Retail Secret Shopper: What is it? How does it work? Is it legit? Is it for you?
Retail secret shoppers, sometimes also called mystery shoppers, are used by retailers and brands to gain a better understanding of how customers experience their stores and venues.
How does a secret shopper work?
Essentially, a retail secret shopper is someone trained to visit stores, engage sales personnel and brand ambassadors, and report back to management about their visit and the overall shopping experience. The reason they call this person a “secret shopper” is that those individuals working in the store have no idea the secret shopper was sent there by management. In other words, store sales staff believe that the secret shopper is just another customer who happened to pop in that day. The whole idea being that store personnel will treat the secret shopper exactly as they would treat any other customer, thus, giving management a pretty accurate and unfiltered glimpse into how customers actually experience their stores – the good, the bad, and the ugly.
What types of businesses use secret shoppers?
Really any type of business that features face-to-face or one-on-one interactions between service personnel and customers or end-users can benefit from secret or mystery shopping. For example, restaurants, banks, even car dealerships, can learn a lot from secret shopping. It’s also important to note that mystery shopping doesn’t have to be done in person. A lot of companies use secret shoppers to measure the effectiveness of their call centers, customer service hotlines, and these days, even online chat services. Anywhere customers are served and products are sold can most likely benefit from mystery shopping.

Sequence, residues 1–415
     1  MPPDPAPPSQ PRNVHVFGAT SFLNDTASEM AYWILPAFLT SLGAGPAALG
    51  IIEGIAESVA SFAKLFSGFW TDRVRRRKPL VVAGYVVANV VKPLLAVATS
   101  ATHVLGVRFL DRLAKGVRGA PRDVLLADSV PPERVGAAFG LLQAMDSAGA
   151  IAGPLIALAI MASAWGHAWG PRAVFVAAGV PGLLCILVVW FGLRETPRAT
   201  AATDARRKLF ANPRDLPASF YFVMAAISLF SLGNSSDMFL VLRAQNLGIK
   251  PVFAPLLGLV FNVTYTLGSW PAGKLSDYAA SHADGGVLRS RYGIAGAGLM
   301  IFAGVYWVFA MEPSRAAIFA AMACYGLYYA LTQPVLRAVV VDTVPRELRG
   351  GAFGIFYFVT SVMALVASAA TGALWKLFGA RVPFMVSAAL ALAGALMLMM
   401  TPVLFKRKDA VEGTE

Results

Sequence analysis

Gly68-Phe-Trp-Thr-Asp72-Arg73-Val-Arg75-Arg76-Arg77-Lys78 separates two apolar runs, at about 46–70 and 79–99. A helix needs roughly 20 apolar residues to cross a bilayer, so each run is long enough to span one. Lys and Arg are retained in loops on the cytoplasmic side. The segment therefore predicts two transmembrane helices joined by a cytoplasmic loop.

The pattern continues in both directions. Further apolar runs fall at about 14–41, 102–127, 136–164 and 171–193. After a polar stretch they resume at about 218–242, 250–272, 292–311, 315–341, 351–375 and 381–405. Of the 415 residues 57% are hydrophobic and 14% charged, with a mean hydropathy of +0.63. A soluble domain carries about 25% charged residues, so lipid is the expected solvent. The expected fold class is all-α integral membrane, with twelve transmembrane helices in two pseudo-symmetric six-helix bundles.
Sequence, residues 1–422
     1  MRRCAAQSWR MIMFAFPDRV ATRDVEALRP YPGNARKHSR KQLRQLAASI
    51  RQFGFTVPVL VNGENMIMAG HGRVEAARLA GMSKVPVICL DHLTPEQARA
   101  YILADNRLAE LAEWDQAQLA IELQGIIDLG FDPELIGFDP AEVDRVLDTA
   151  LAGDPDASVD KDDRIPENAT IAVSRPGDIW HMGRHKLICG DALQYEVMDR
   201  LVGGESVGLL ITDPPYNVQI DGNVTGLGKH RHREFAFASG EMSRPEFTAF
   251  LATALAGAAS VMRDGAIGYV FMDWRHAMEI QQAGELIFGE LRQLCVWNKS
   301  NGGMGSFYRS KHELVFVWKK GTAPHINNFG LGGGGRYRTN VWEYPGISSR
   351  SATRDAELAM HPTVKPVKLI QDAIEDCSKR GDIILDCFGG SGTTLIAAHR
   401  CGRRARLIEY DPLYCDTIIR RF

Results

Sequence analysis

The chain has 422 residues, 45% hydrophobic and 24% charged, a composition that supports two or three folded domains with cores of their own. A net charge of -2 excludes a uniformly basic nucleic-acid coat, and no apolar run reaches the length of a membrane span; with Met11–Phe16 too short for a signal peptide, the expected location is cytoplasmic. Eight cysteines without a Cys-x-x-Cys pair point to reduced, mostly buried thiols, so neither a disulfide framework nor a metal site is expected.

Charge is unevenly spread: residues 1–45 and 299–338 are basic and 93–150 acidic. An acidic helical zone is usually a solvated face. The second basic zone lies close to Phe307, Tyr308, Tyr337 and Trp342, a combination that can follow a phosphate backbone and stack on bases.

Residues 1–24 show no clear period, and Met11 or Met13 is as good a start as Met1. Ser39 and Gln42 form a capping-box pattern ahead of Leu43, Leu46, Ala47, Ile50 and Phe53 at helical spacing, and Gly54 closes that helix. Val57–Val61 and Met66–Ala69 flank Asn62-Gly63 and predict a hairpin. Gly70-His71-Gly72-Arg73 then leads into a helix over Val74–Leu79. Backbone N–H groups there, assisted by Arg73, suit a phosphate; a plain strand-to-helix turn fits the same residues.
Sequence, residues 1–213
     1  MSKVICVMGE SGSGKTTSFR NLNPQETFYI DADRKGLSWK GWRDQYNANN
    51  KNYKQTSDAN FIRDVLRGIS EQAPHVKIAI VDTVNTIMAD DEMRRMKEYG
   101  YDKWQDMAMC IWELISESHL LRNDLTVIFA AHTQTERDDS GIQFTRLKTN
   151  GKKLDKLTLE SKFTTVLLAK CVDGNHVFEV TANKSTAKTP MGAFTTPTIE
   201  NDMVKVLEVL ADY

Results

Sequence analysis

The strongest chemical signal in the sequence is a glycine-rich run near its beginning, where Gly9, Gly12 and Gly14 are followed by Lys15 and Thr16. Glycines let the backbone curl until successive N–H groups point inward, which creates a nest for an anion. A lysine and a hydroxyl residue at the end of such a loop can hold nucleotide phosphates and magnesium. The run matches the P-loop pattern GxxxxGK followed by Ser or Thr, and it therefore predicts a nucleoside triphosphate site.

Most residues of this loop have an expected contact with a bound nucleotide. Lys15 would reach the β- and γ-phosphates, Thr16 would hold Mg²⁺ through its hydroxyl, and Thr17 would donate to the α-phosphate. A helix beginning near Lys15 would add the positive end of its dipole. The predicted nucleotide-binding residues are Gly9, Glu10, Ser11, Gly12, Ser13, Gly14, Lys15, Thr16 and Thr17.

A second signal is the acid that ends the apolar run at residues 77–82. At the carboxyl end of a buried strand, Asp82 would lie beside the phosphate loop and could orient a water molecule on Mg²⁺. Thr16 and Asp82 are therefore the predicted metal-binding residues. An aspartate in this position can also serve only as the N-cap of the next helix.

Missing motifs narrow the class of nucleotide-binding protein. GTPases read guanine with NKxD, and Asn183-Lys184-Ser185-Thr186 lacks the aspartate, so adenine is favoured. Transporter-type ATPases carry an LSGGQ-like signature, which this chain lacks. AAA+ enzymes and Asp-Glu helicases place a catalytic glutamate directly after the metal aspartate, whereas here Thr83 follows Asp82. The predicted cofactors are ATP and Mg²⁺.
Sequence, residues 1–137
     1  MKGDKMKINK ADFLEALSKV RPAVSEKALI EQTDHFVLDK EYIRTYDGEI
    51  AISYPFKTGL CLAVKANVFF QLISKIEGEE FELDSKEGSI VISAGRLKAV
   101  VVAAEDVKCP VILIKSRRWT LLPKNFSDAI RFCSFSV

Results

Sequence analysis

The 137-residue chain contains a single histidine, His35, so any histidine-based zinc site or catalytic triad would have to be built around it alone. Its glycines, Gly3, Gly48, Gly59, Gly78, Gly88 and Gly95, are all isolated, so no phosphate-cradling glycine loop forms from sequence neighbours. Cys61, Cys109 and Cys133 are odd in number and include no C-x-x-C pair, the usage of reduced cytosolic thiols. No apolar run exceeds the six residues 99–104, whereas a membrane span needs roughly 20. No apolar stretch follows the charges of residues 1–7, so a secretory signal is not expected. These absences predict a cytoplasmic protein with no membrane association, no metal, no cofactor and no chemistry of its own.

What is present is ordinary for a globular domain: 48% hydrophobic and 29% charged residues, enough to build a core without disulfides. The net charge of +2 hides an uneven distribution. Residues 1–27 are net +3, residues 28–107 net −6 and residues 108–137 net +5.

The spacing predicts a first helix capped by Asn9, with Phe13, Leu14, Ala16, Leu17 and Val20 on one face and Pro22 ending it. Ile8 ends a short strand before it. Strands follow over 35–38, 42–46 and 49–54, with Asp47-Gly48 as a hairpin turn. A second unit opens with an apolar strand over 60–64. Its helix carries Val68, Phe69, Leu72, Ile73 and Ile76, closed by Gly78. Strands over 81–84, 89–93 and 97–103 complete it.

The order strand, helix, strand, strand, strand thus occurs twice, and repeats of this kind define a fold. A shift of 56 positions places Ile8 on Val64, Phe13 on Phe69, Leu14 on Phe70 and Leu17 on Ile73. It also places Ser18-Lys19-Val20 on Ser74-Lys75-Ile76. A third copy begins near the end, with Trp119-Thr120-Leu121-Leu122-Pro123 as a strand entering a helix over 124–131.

What qualities should a good mystery shopper have?
If you’re considering becoming a secret shopper, there are plenty of opportunities out there. However, this gig isn’t for everyone. You need a certain set of skills to be an effective secret shopper, and, quite frankly, you have to possess the right personality for the job. Secret shopping might sound easy enough on the surface, but it can put you in some uncomfortable situations depending on what your management team is expecting you to find out. For example, what if they want to know how salespeople handle conflict? Guess who’s going be asked to create a little bit conflict? You.
Here are a few, but certainly not all, the qualities most good mystery shoppers possess.
Strong communication skills
As a secret shopper, you are going to be asked to engage store personnel. In fact, you’re most likely going to be given a very specific mission to learn certain things as dictated by management. It’s up to you to be able to guide the conversation and adapt it as the encounter evolves in order to obtain the unique intel management is seeking.
Think on your feet
One of the most exciting aspects of being a secret shopper is that each day and each individual experience is different. However, this also means that you never know exactly what’s going to be thrown at you. No matter what occurs, it’s up to you to never break cover and always come off as a genuine shopper with no agenda.